Jump to content
Sign in to follow this  
jayc3399

Making ToS actually ToS and not a federal law.

Recommended Posts

"Congresswoman Zoe Lofgren proposes a change to the Computer Fraud and Abuse Act (CFAA) which would remove the felony criminal penalty for violating the terms of service of a website and return it to the realm of contract law where it belongs. This would eliminate the potential for prosecutors to abuse the CFAA in pursuit of criminal convictions for simple violations of a website's terms of service."

 

The rest of the article can be found here: http://www.theatlant...ons-law/267247/#

 

I think this presents an interesting idea in terms of the bot makers Jagex prosecuted. If something like this is to go through, even though its in the states, it redefines the way you can handle things.

 

And truly making bots and the like is breaking the ToS, "No foul" has truly happened to Jagex, they mess up the ingame economy but that doesn't hurt Jagex as a company. Unless you can argue that they have lost customers but I'm not sure how that would hold up.


Archermanme.png
Quest Cape Achieved on November 14, 2007

Iron_Archer.png

Items Acquired

Crystal Pick and Hatchet

Berzerker Ring x 3

3/28 Barrows Items

Share this post


Link to post
Share on other sites

Most of the convictions Jagex got had little to do with ToS - it had to do with intellectual property rights, copyright infringement and the like.

  • Like 1

Plv6Dz6.jpg

Operation Gold Sparkles :: Chompy Kills ::  Full Profound :: Champions :: Barbarian Notes :: Champions Tackle Box :: MA Rewards

Dragonkin Journals :: Ports Stories :: Elder Chronicles :: Boss Slayer :: Penance King :: Kal'gerion Titles :: Gold Statue

Share this post


Link to post
Share on other sites

I think this brings copyright into ToS agreements, its contract law instead of federal penalties.


Archermanme.png
Quest Cape Achieved on November 14, 2007

Iron_Archer.png

Items Acquired

Crystal Pick and Hatchet

Berzerker Ring x 3

3/28 Barrows Items

Share this post


Link to post
Share on other sites

Can't people already go to jail for violating contracts? I'll agree that contract violation is not quite the same as copyright infringement, but there's no guarantee that relegating the TOS of a website to contract law will prevent people from going to jail and being branded felons.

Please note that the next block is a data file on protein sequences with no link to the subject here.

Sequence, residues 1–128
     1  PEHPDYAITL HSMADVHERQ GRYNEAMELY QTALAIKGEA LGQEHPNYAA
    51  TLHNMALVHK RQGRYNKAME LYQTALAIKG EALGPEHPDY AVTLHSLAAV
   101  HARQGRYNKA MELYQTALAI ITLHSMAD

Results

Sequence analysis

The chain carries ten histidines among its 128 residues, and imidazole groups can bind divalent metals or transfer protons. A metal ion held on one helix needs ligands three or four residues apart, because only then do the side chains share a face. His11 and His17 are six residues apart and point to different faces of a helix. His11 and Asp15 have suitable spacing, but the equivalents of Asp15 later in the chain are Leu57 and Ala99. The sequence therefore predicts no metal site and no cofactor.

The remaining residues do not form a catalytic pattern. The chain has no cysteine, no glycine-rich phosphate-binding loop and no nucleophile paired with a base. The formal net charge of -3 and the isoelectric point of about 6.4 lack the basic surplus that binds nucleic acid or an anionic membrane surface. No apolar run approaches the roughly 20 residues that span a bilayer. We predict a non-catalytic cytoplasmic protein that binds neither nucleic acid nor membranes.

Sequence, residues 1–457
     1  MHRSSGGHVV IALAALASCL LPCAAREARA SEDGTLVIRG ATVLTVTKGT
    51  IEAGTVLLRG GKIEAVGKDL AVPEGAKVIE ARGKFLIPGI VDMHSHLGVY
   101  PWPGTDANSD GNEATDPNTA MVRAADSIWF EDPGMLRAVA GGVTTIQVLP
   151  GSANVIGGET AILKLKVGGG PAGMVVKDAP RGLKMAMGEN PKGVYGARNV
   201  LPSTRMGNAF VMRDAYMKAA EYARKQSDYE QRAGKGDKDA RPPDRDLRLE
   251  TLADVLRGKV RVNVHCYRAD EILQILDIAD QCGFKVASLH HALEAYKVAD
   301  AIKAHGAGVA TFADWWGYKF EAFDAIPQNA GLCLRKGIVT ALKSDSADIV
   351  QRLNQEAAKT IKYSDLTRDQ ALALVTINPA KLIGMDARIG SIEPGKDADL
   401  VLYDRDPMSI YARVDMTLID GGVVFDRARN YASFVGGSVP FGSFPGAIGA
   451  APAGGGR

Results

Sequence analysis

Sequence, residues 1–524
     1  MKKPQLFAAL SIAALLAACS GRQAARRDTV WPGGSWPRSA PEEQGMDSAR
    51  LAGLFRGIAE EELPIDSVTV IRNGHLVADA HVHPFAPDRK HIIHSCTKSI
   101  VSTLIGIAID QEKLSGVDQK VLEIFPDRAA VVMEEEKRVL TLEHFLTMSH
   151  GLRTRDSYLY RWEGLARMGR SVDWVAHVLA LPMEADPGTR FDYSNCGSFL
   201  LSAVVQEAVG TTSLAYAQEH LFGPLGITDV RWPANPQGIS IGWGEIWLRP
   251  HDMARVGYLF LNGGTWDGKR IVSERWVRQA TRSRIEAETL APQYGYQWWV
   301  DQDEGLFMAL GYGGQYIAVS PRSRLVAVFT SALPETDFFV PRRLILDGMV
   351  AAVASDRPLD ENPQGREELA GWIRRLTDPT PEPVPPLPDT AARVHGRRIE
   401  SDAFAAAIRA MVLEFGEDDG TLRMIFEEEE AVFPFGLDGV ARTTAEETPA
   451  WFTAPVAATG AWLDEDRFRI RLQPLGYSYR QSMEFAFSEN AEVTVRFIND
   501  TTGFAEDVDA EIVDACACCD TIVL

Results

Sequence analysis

Also, that article was fairly biased as it was written by a friend of the deceased. Not to minimize the tragedy of an obviously talented young man taking his own life, but I think I'd like to see something from a more factual point of view before making further judgement (no pun intended).

Edited by Kaida23
  • Like 1

 

f2punitedfcbanner_zpsf83da077.png

THE place for all free players to connect, hang out and talk about how awesome it is to be F2P.

So, Kaida is the real version of every fictional science-badass? That explains a lot, actually...

Share this post


Link to post
Share on other sites

Why was this ever not the case?

  • Like 1

Share this post


Link to post
Share on other sites

Why was this ever not the case?

This, basically.

 

I was under the impression that website TOC were not legally binding in this sense, and I thought that (way off-topic) that court case over that suicide of Megan Meyer over myspace stuff. Morally awful, but nothing illegal about lying about your name on facebook.

 

In any case, it's ridiculous to think that website or video game terms of service should be law. The government should make laws, not Jagex/facebook/whatever.

 

@Kaida, my understanding is that he used a guest access account from MIT, which they provide. MIT had a JSTOR subscription which was extended towards guest accounts and public users (sensible, it is sometimes a pain or takes awhile to have computer login info sorted out. I'm at a small school and didn't get a log-in thing for a few weeks). Users can download pages for research and stuff.

 

Swartz used a script to quickly download a large percent of their library. At this point the TOS was violated.

 

I believe the now-subsided internet outrage was that logging on to a freely-provided guest account and saving files became a CPAA felony because he downloaded them arbitrarily faster than he could have without a script, and that the sum of legal actions shouldn't be something illegal because of the intensity.


VJH7N9F.png

zuzmo.png 

 

 

Share this post


Link to post
Share on other sites

Create an account or sign in to comment

You need to be a member in order to leave a comment

Create an account

Sign up for a new account in our community. It's easy!

Register a new account

Sign in

Already have an account? Sign in here.

Sign In Now
Sign in to follow this  

×
×
  • Create New...

Important Information

By using this site, you agree to our Terms of Use.